The Old Rebel: Robert E. Lee as He Was Seen by His Contemporaries
Why in the 21st century should we care about “the Old Rebel” Robert E. Lee, a Victorian who was old fashioned even during his own time, and who died nearly 150 years ago? Why a book about how his peers saw him, when the world he lived in disappeared long ago, making his life and death seemingly meaningless to those of us living in the modern era?
In The Old Rebel: Robert E. Lee As He Was Seen by His Contemporaries, award-winning author and Southern historian Col. Lochlainn Seabrook provides the answers. In our ever-growing impersonal cyberage, where we continue to distance ourselves not only from others but from God and nature as well, the Christ-like Southern gentleman Robert E. Lee is more relevant than ever before In his hard-working, conservative, dutiful and honest ways, in his deeply spiritual, modest, loyal, gentle, loving and forgiving nature, Lee serves as an ideal moral compass for today’s depersonalized atheistic society, a true-life paragon that all of us—no matter what our age, occupation, race, religion or political persuasion—can aspire to.
To aid us in better understanding the stunning power of Lee’s life, Col. Seabrook has gathered together nearly 400 footnoted entries by the general’s 19th-century contemporaries, including both his admirers and his former Northern enemies. The book is divided into convenient chapters, covering everything from Lee’s birth, childhood and family life, to his service in both the U.S. military and the Confederate States military as well as his time as president of Washington College (now Washington and Lee University). We also learn about the general’s earliest known French and English ancestors, his royal bloodline through William the Conqueror, Stratford Hall (Lee’s birthplace) and Arlington House (the Lee-Custis family estate that was converted into Arlington National Cemetery), and the etymology of the Lee surname. Seabrook’s personal notes and the numerous Victorian illustrations lend historical context, helping make this special edition an indispensable work for all those interested in Lincoln’s War, authentic Confederate history and Southern culture.
We also learn about the general’s earliest known French and English ancestors, his royal bloodline through William the Conqueror, Stratford Hall (Lee’s birthplace) and Arlington House (the Lee-Custis family estate), and the etymology of the Lee surname. Colonel Seabrook’s personal notes and the numerous Victorian illustrations lend historical context, helping make this Civil War Sesquicentennial Edition an indispensable work for all those interested in learning the truth about Lincoln’s War, Confederate history, and Southern culture. The Foreword is by nine-time award-winning Texas historian Scott Bowden (Last Chance For Victory: Robert E. Lee and the Gettysburg Campaign).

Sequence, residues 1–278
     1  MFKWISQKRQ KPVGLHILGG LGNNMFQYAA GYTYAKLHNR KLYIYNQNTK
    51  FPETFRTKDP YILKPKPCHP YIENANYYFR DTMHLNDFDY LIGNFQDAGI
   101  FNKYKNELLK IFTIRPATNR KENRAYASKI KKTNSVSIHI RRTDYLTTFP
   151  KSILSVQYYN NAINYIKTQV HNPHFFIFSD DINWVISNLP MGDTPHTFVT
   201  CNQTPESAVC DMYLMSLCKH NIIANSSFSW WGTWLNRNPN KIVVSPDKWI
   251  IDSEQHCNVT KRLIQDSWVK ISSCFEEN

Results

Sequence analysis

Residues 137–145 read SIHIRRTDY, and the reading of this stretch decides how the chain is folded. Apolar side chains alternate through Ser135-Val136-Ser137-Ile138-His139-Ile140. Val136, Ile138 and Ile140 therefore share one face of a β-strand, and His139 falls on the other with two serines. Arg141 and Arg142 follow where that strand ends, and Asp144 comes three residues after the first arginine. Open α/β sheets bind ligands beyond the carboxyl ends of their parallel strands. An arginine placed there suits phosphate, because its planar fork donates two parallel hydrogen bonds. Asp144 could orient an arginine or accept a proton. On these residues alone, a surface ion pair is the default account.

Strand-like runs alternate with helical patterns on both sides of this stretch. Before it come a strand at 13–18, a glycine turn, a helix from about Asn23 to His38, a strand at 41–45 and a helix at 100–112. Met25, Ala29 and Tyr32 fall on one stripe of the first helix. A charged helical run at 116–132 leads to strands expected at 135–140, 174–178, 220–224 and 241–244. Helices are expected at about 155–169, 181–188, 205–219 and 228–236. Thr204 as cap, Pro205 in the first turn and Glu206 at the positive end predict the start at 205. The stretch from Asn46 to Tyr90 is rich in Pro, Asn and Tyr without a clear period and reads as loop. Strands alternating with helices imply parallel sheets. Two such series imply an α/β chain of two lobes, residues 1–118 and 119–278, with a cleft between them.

Softcover, 260 pages, #876
About the Author
Civil War scholar Lochlainn Seabrook, a close cousin of the Lee and Custis families and a descendant of the families of Alexander H. Stephens and John S. Mosby, is the most prolific and popular pro-South writer in the world today. Known as the “new Shelby Foote,” he is a recipient of the prestigious Jefferson Davis Historical Gold Medal and the author of over 50 books that have introduced hundreds of thousands to the truth about the War for Southern Independence. A seventh-generation Kentuckian of Appalachian heritage and the sixth great-grandson of the Earl of Oxford, Colonel Seabrook has a 40-year background in American and Southern history, and is the author of the international blockbuster Everything You Were Taught About the Civil War is Wrong, Ask a Southerner!
His other titles include, among others: The Great Yankee Coverup: What the North Doesn’t Want You to Know About Lincoln’s War; Confederate Flag Facts: What Every American Should Know About Dixie’s Southern Cross; and Women in Gray: A Tribute to the Ladies Who Supported the Southern Confederacy.